An “applicable corporation” is defined as any corporation (other than an S corporation, regulated investment company or a real estate investment trust) with three-year average annual AFSI that exceeds $1 billion. For these purposes, a corporation must calculate its three-year average AFSI without regard to financial statement net operating losses (NOLs), but with regard to certain specified adjustments to book income, to determine whether the average in any year exceeds $1 billion. The specified adjustments include items related to related entities, foreign income, disregarded entities, federal income taxes, non-reasonable compensation, covered benefit plan amounts, and tax depreciation.

It is important to highlight that tax depreciation deductions, not book, would reduce AFSI, which is intended to help businesses that invest in equipment and facilities (such as manufacturers). Additionally, financial statement NOLS can reduce AFSI.

Carried Interest Rules

Perhaps the most notable difference between the bill proposals in their original form and the bill that was approved by both the Senate and the House is the provisions in connection with carried interest. As originally drafted, the Act would have introduced an extended five-year holding period for partnership interests held in connection with the performance of services (“carried interest”) to qualify for long-term capital gain treatment. The longer holding period would have applied to taxpayers with an adjusted gross income (“AGI”) of $400,000 or more.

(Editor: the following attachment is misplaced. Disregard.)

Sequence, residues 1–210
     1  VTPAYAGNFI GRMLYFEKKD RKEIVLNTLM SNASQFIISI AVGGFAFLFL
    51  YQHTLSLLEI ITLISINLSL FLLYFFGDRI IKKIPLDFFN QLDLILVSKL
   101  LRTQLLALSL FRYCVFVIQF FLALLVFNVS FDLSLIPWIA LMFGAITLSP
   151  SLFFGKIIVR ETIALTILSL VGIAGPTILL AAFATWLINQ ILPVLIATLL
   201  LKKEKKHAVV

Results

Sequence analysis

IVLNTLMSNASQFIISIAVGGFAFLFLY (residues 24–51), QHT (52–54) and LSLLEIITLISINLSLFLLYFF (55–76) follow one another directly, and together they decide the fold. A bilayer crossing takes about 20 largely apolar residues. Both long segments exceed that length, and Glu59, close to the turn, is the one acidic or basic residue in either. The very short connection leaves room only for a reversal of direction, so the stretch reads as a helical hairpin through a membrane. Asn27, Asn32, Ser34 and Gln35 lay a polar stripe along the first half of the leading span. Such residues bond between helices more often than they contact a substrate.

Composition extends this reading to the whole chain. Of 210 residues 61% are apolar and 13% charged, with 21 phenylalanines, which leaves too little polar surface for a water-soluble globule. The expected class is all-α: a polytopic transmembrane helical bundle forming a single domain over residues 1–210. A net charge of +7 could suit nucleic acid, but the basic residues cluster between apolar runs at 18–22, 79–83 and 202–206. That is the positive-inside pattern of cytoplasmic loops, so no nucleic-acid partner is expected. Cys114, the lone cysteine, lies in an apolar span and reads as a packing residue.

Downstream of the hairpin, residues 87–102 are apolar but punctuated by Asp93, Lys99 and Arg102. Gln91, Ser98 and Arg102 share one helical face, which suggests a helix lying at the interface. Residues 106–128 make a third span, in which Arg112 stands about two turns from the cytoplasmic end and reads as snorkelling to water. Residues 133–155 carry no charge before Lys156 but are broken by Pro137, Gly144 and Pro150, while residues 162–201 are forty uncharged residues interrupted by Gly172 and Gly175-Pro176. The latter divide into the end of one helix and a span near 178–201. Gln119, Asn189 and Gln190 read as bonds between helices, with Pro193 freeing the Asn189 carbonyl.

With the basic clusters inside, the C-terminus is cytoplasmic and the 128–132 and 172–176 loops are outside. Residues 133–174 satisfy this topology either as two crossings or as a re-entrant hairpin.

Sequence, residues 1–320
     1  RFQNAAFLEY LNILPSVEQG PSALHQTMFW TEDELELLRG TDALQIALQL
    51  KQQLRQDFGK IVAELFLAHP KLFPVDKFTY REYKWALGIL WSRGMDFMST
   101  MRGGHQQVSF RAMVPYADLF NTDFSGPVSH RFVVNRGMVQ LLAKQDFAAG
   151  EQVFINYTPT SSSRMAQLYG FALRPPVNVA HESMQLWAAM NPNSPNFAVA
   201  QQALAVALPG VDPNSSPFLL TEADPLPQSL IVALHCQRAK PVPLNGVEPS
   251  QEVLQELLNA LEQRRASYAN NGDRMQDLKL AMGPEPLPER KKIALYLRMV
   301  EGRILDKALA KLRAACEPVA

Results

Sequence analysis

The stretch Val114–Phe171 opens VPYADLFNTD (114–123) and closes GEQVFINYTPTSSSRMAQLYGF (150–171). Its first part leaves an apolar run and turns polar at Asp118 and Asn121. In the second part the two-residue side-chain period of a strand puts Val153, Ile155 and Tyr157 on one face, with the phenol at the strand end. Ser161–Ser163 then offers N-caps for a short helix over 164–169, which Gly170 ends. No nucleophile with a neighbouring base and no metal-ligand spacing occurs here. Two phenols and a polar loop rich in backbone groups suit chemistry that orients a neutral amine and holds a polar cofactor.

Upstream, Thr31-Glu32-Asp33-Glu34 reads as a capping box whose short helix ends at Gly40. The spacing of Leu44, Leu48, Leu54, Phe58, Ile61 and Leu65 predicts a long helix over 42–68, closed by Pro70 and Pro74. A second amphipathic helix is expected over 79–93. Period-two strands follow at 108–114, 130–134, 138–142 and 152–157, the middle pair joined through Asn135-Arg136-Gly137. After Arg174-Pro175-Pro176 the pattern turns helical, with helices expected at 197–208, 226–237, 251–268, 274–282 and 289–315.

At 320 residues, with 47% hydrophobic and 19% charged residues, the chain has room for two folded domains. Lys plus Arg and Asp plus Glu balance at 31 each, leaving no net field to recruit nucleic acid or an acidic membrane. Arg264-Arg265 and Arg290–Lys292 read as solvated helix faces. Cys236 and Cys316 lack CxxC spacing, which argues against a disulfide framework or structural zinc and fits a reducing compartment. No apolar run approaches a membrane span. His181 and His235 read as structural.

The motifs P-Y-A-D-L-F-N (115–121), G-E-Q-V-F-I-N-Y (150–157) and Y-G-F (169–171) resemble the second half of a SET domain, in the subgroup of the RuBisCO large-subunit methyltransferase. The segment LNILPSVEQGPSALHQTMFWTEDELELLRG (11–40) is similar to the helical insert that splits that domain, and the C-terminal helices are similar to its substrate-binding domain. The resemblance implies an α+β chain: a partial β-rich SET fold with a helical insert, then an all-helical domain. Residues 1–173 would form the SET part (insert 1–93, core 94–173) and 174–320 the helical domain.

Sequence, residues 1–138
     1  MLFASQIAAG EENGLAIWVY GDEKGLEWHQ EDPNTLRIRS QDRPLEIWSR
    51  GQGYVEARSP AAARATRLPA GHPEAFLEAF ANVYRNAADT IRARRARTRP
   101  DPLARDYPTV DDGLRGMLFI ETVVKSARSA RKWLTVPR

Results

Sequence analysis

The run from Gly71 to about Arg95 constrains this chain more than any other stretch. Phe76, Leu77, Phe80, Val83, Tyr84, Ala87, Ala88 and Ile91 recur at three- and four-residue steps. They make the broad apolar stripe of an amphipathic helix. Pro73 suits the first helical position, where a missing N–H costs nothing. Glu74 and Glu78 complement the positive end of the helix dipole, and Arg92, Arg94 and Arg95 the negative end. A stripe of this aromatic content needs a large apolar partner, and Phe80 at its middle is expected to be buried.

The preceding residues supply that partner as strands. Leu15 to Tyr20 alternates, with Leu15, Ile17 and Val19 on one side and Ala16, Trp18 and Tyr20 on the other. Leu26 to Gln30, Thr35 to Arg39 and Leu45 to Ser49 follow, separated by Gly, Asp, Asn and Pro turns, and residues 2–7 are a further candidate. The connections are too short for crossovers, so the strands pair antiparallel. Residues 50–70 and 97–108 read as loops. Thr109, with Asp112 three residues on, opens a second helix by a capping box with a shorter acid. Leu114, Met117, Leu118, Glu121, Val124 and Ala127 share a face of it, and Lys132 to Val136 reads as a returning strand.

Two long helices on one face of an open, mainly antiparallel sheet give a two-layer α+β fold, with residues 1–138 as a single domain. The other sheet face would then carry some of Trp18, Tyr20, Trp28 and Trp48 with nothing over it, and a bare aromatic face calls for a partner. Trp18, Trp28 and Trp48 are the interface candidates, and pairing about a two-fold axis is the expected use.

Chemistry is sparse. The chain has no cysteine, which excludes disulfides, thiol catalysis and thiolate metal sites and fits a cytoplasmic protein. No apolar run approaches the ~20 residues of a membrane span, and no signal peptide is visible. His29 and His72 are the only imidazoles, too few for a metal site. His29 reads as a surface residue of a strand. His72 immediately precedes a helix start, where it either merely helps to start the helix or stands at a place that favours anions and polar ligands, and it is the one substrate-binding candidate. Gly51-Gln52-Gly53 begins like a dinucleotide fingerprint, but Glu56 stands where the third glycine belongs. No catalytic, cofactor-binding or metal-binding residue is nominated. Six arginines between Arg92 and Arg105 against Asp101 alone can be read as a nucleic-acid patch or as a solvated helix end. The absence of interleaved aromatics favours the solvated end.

To replace the estimated $14 billion that would have been raised through the changes to the carried interest rules, Democrats introduced a new 1 percent excise tax on stock buybacks that is expected to bring in an estimated $73 billion in revenue.

Excise Tax

The Act imposes on each “covered corporation” a 1 percent non-deductible excise tax on the fair market value of any stock repurchased by a domestic corporation with stock traded on an established securities market. A “repurchase” is defined as a redemption under the U.S. Tax Code or other economically similar transaction, as opposed to a dividend payment to shareholders. The tax would apply to repurchases after December 31, 2022. The tax extends to certain affiliates of U.S. corporations, as well as specified affiliates of foreign corporations performing buybacks on behalf of their parent organization.